What really bothers me however is packeing, the amount of this stuff used aimeslly really gets my goat! I had an argument a couple of years ago with a sprayway rep, about the amount they use. At the time far more than any other manufacture we stocked. He told me it was what the consumer wanted, as it stopped things being cressed before they got to the shelf. I told him that I refused to sell there products on the amount of packadgeing they used, and i maintened this approch until i left the job, a year later. If a custormer asked after their products, i told them flat where I thought it came in what ever it was they were after, but my reasons for not reccomending it.

I doub't sparyway have changed their policys on my voice alone, but If we all took this approch, they and everyone else soon would.
Tiggs on 04 Jan 2007
In reply to Chris Fryer:
> (In reply to Caralynr)
> [...]
>
> If you recycled and composed as much rubbish as you could, you wouldn't need as many bin liners?
>
That's exactly what's happening. The majority of rubbish I can't recycle doesn't need a bin liner as it mainly plastic packaging and it goes straight into the black bin. That bin is now much lighter and emptier. :o) With the reduced need for bin liners using reusable shopping bags is a much, much better option.
In reply to Tiggs: Likewise. Now that I recycle my glass, plastics & paper, the black rubbish bin hardly gets anything at all in it - just a bit of food waste really. And if I had a garden I guess I could compost that.
In reply to Nick Smith - UKC:
> - just a bit of food waste really. And if I had a garden I guess I could compost that.

Only your uncooked food waste. If you compost your cooked food waste then you will get rats!

Alan
peterbayliss on 09 Jan 2007
It is quite easy to reduce plastic bag usage to a low level but a bit harder to use none.
What I do is ride to the shops or supermarket on my bike carrying a rucksac. No need for any bags and its good for you.
I realise it would be harder to do family weekly shop this way but as an individual I can do my shopping for a few days in one trip.
Any bags you do get keep and use them again for something else. If you start to build up a lot of bags it will put you off picking up any more as you don't want them taking up any more space.
If every one made an effort to reduce the number of plastic bags used it would make a difference.
toad - on 12 Jan 2007
In reply to Alan James - UKC:
> (In reply to Nick Smith - UKC)
> [...]
>
> Only your uncooked food waste. If you compost your cooked food waste then you will get rats!
>
>There is no guarantee you won't see rats anyway,an uncooked carrot is still quite attractive to them. I just put a trap in the couple of times they've turned up in mine and that's dealt with the problem - important thing is not to let them get established

You can get closed top wormeries for cooked food, which have a tap on the bottom to give you a home made baby - bio type product.
Clint86 - on 12 Jan 2007
In reply to Alan James - UKC: Excellant post, only just seen it. We do our best as well.
gingerkate - on 26 Jan 2007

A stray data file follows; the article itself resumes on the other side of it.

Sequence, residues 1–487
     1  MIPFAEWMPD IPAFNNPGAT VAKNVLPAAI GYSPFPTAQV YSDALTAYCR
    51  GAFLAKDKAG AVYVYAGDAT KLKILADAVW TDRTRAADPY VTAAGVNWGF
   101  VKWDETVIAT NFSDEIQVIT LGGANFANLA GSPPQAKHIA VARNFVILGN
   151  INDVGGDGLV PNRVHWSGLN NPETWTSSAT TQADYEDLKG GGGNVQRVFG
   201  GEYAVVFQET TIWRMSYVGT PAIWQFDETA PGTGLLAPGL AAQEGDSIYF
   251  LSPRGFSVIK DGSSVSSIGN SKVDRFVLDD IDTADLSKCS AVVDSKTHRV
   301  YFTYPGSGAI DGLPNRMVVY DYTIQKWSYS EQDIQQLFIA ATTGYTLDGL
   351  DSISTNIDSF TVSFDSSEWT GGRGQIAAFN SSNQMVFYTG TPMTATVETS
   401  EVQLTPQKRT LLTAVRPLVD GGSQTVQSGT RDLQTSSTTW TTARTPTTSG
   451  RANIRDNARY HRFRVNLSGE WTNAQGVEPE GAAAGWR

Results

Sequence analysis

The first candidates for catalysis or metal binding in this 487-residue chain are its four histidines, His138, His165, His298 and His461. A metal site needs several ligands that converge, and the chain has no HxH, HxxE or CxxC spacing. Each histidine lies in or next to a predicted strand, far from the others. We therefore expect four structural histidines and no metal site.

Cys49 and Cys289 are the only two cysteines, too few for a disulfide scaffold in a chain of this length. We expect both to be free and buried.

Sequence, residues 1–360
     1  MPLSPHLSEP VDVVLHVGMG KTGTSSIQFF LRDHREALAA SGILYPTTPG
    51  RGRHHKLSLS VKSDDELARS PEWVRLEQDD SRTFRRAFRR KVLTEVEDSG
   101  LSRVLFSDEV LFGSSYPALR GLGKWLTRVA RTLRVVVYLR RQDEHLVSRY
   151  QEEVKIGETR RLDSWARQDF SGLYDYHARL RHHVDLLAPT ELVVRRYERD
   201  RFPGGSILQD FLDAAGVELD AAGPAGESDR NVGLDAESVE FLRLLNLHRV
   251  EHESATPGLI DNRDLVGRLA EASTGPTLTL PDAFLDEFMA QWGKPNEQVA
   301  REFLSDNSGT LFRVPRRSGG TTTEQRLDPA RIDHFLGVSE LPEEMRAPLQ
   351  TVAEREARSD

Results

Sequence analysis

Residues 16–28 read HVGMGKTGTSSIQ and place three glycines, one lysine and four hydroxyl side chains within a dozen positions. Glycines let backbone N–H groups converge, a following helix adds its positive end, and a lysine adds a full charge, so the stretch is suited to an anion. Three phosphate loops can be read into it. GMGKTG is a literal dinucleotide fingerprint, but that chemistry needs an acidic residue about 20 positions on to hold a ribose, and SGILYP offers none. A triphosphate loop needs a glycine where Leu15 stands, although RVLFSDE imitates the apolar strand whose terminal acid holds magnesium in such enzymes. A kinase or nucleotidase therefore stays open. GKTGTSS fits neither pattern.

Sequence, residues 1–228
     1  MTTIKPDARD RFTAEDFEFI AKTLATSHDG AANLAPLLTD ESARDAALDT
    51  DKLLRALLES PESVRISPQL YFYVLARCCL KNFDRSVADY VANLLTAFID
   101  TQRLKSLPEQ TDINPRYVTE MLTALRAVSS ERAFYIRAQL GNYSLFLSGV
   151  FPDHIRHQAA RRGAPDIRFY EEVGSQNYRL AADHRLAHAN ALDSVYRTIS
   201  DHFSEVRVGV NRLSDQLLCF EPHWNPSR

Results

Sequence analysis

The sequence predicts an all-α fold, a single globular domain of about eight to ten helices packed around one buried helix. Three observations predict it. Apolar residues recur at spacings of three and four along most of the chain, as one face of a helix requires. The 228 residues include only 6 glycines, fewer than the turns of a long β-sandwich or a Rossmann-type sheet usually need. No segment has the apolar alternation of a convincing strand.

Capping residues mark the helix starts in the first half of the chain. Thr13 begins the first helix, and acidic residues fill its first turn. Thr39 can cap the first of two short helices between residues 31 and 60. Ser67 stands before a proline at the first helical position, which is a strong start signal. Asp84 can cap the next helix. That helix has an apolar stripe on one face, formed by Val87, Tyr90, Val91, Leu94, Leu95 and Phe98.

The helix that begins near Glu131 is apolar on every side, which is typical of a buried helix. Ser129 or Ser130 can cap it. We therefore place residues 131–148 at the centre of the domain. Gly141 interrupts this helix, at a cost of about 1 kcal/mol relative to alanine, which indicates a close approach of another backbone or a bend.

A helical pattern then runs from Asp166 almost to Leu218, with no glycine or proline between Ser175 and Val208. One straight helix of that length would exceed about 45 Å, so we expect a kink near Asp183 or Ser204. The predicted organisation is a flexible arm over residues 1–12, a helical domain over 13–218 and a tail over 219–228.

In reply to Alan James - UKC:
Excellent post Alan, only just seen it.

Idea for use for bags if you do get caught out: keep in jacket pockets for impromptu litter pick ups. One person with three or four bags at a grottified beauty spot can make a huge difference.
Fidget - on 13 Feb 2007
In reply to Alan James - UKC:

I'm doing so crap at this. I don't throw any bags away, and recycle them as much as poss, but I always forget to take them with me to shops. If I'm not buying much I just carry it, but I've still accepted way more bags than I should.
KatieEmily on 09 Mar 2007
In reply to cider nut:

I still haven't used a single plastic bag yet - over 2 months! Woo hoooo! Just thought I'd give myself a pat on the back, especially as it's Friday afternoon and it's been a tough week. Got to feel goood about something. How's everyone else doing?
In reply to KatieEmily:

I am doing fine as well. It is actually pretty easy once you get going, although I did have a dodgy moment when stopping off to do a spot of shopping the other day and realising I didn't have a single bag anywhere. It was quite a juggling act getting 10 small items back home without one.

Also, just got one of these from Rock and Run - http://www.rockrun.com/shop/prod.html?d=17&t=300&p=3254 - which is by far the best lightweight shopping bag I have come across. (You can use it for climbing to).

Alan
ICE on 09 Mar 2007
In reply to Alan James - UKC: Should it always be upto the government to do something?, I always refuse a plastic bag when shopping, its funny though how some people cannot handle it, the person in line behind me has to announce in a loud voice, 'yes I'll have a carrier bag' with a smirk on their face.
Katie Weston on 09 Mar 2007
In reply to Alan James - UKC:
Since Tescos have introduces their green clubcard points for reusing carriers I see so many more people re-using bags.
I'm not quite as wonderful as you guys, now and again I do use a new carrier, but I am making an effort to find uses for the ones I do take!
LakesWinter on 09 Mar 2007
In reply to Alan James - UKC:

I've taken about 5 or 6 bags so far this year, I must try harder! But this is down from the 50 or so it would have been by now in previous years
John Lisle - on 09 Mar 2007
In reply to KatieEmily:

I have only just seen this thread - missed it in the pre-Christmas haze.

Well done to you for being the first person (after over 20 replies - a bit depressing) to really take it in the spirit it was intended and try to make a difference.

Alan, there are criticisms to be made of every small step in the right direction, trying counts for a lot.

I am starting *now*.

J

This topic has been archived, and won't accept reply postings.